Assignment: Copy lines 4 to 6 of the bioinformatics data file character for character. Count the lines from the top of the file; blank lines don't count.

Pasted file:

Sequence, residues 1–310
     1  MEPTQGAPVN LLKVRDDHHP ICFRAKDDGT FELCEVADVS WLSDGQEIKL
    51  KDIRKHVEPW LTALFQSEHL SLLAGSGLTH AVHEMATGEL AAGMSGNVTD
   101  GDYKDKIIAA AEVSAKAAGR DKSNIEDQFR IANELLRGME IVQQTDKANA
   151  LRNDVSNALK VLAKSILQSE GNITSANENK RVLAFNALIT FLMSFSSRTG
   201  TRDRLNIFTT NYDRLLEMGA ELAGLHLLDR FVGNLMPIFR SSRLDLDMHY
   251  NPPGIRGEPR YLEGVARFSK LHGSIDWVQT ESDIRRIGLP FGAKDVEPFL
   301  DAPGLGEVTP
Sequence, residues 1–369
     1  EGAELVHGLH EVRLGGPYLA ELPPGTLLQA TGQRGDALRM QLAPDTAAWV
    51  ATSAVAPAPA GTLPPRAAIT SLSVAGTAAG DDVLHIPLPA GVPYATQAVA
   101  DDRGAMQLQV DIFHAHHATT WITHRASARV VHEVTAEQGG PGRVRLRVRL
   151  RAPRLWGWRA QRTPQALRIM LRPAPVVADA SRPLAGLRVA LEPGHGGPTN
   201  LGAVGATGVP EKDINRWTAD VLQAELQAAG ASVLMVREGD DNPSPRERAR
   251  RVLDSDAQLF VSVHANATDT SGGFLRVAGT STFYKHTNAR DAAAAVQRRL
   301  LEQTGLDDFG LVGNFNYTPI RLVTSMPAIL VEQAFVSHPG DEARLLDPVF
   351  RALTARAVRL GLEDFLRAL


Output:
   101  GDYKDKIIAA AEVSAKAAGR DKSNIEDQFR IANELLRGME IVQQTDKANA
   151  LRNDVSNALK VLAKSILQSE GNITSANENK RVLAFNALIT FLMSFSSRTG
   201  TRDRLNIFTT NYDRLLEMGA ELAGLHLLDR FVGNLMPIFR SSRLDLDMHY